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# covcorm_xy

Calculates a covariance or correlation matrix given two separate 'n x m' arrays. Available in version 6.1.1 and later.

## Prototype

```	function covcorm_xy (
x [*][*] : numeric,
y [*][*] : numeric,
iopt  : integer
)

return_val  :  numeric
```

## Arguments

x

Data array of size(nrow,ncol). Missing values (_FillValue) are allowed.

y

Same size and shape as x.

iopt

An integer vector of length 3.

• iopt(0)=0 means return the covariance matrix.
• iopt(0)=1 means return the correlation matrix.

• iopt(1) refers to the lag. This must be greater than or equal to zero. Generally, iopt(1)=0. If iopt(1)=lag then the following is computed: x(i,t)*y(j,t-lag).

• iopt(2) is the percent of missing values to allow for any one covariance/correlation pair. iopt(2)=0 means all values of a time series must be present.

## Return value

See the description of iopt. The return numeric type will be double if x or y is double and float otherwise.

## Description

Standard calculation of covariance or correlation matrix. The original matrix may have to be reshaped to a two-dimensional array. The reshaping may be accomplished by the ndtooned and onedtond functions.

Missing values (x@_FillValue) are allowed. However, interpretation of statistics derived from an input array, x, containing missing values should be done with appropriate caution because the elements of the derived covariance or correlation matrix will use differing numbers of values. Further, if all the values for a particular column are missing, the result will be a missing value ( _FillValue ).

## Examples

The following examples use data from:

```  Statistics and Data Analysis in Geology
John C Davis
John Wiley and Sons: 2002:   3rd Edition:
```
Specifically, the following data which are contained within the ascii text file: "BOXES.TXT". For convenience, consider the rows as samples in time and the columns to be stations or grid points.
```
3.760  3.660  0.540  5.275  9.768 13.741  4.782
8.590  4.990  1.340 10.022  7.500 10.162  2.130
6.220  6.140  4.520  9.842  2.175  2.732  1.089
7.570  7.280  7.070 12.662  1.791  2.101  0.822
9.030  7.080  2.590 11.762  4.539  6.217  1.276
5.510  3.980  1.300  6.924  5.326  7.304  2.403
3.270  0.620  0.440  3.357  7.629  8.838  8.389
8.740  7.000  3.310 11.675  3.529  4.757  1.119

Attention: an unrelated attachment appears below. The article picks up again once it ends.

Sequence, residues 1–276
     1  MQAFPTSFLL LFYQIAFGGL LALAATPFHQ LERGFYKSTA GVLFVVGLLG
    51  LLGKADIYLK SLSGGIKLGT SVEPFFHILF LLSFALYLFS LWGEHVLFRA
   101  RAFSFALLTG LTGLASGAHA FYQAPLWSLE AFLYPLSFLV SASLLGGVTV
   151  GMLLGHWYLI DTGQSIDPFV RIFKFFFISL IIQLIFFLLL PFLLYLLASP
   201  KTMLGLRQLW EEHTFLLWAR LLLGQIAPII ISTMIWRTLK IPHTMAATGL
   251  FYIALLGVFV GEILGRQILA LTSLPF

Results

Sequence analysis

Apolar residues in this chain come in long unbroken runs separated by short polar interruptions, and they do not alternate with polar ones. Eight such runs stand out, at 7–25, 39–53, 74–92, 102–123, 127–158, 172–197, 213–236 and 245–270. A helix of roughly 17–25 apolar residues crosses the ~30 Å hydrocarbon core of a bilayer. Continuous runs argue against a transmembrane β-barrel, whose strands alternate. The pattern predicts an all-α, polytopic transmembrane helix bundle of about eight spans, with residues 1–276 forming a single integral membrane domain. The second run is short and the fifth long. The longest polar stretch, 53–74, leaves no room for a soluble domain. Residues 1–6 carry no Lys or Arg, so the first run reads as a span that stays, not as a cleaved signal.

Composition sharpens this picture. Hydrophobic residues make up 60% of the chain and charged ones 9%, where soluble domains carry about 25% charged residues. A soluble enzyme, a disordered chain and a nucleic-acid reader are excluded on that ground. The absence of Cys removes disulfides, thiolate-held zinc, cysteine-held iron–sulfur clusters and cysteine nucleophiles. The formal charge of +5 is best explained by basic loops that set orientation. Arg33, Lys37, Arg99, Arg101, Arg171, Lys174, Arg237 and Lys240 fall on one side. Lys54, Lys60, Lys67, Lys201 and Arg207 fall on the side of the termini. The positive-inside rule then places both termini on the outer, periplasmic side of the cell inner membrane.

9.640  9.490  1.030 13.567 13.133 18.519  2.354
9.730  1.330  1.000  9.871  9.871 11.064  3.704
8.590  2.980  1.170  9.170  7.851  9.909  2.616
7.120  5.490  3.680  9.716  2.642  3.430  1.189
4.690  3.010  2.170  5.983  2.760  3.554  2.013
5.510  1.340  1.270  5.808  4.566  5.382  3.427
1.660  1.610  1.570  2.799  1.783  2.087  3.716
5.900  5.760  1.550  8.388  5.395  7.497  1.973
9.840  9.270  1.510 13.604  9.017 12.668  1.745
8.390  4.920  2.540 10.053  3.956  5.237  1.432
4.940  4.380  1.030  6.678  6.494  9.059  2.807
7.230  2.300  1.770  7.790  4.393  5.374  2.274
9.460  7.310  1.040 11.999 11.579 16.182  2.415
9.550  5.350  4.250 11.742  2.766  3.509  1.054
4.940  4.520  4.500  8.067  1.793  2.103  1.292
8.210  3.080  2.420  9.097  3.753  4.657  1.719
9.410  6.440  5.110 12.495  2.446  3.103  0.914
```
Example 1

Compute the covariance matrix [iopt(0)=0]. This is a test code because array x and y are the same. Hence, the returned array is symmetric.

```
diri     = "./"
fili     = "BOXES.TXT"
; read the entire data array
ntim     = 25                      ; number of observations [number of time steps]
mpts     = 7                       ; number of variables or grid points
x        = asciiread( diri+fili, (/ntim,mpts/), "float")
x!0      = "time"                  ; name the dimensions
x!1      = "gridpts"
y        = x                       ; y is identical to x

cov_xy   = covcorm_xy( x(gridpts|:,time|:), y(gridpts|:,time|:), (/0,0,0/)  )
write_matrix(cov_xy, mpts+"f8.2", False)
```
The covariance values, which are symmetric when x=y, are:
```
5.40    3.26    0.78    6.39    2.16    3.04   -2.00
3.26    5.85    1.46    6.08    1.31    2.88   -2.37
0.78    1.46    2.77    2.20   -3.84   -5.17   -1.74
6.39    6.08    2.20    9.11    1.61    2.78   -3.28
2.16    1.31   -3.84    1.61   10.71   14.77    2.25
3.04    2.88   -5.17    2.78   14.77   20.78    2.62
-2.00   -2.37   -1.74   -3.28    2.25    2.62    2.59

```
If iopt=(/1,0,0/) then the return symmetric correlation array would be:
```
1.00    0.58    0.20    0.91    0.28    0.29   -0.53
0.58    1.00    0.36    0.83    0.17    0.26   -0.61
0.20    0.36    1.00    0.44   -0.70   -0.68   -0.65
0.91    0.83    0.44    1.00    0.16    0.20   -0.68
0.28    0.17   -0.70    0.16    1.00    0.99    0.43
0.29    0.26   -0.68    0.20    0.99    1.00    0.36
-0.53   -0.61   -0.65   -0.68    0.43    0.36    1.00

```

Example 2

Same as Example 1 but a random number has been is added to array y. The returned covariance and correlation arrays are not symmetric.

```
y        = x+random_uniform(-2,2,dimsizes(x))       ; y will not be the same as x

```
The non-symmetric covariance matrix would be
```
5.31    2.57    0.78    5.94    1.78    2.33   -1.70
4.24    7.48    1.88    7.82    1.52    3.48   -3.34
0.82    1.84    2.75    2.37   -3.86   -5.07   -1.78
6.27    5.89    2.34    8.94    1.55    2.65   -3.14
2.91    1.55   -3.80    2.38   10.86   14.88    2.00
3.57    3.08   -4.80    3.49   14.75   20.73    2.26
-1.94   -2.72   -1.51   -3.34    1.94    2.13    2.39

```
If iopt=(/1,0,0/) then the return non-symmetric correlation array would be:
```
0.92    0.43    0.19    0.79    0.22    0.20   -0.42
0.57    0.96    0.35    0.80    0.14    0.24   -0.64
0.18    0.39    0.85    0.40   -0.60   -0.57   -0.57
0.85    0.76    0.44    0.93    0.15    0.18   -0.61
0.36    0.18   -0.66    0.23    0.95    0.94    0.36
0.33    0.27   -0.62    0.25    0.96    0.97    0.30
-0.47   -0.63   -0.51   -0.62    0.33    0.26    0.83

```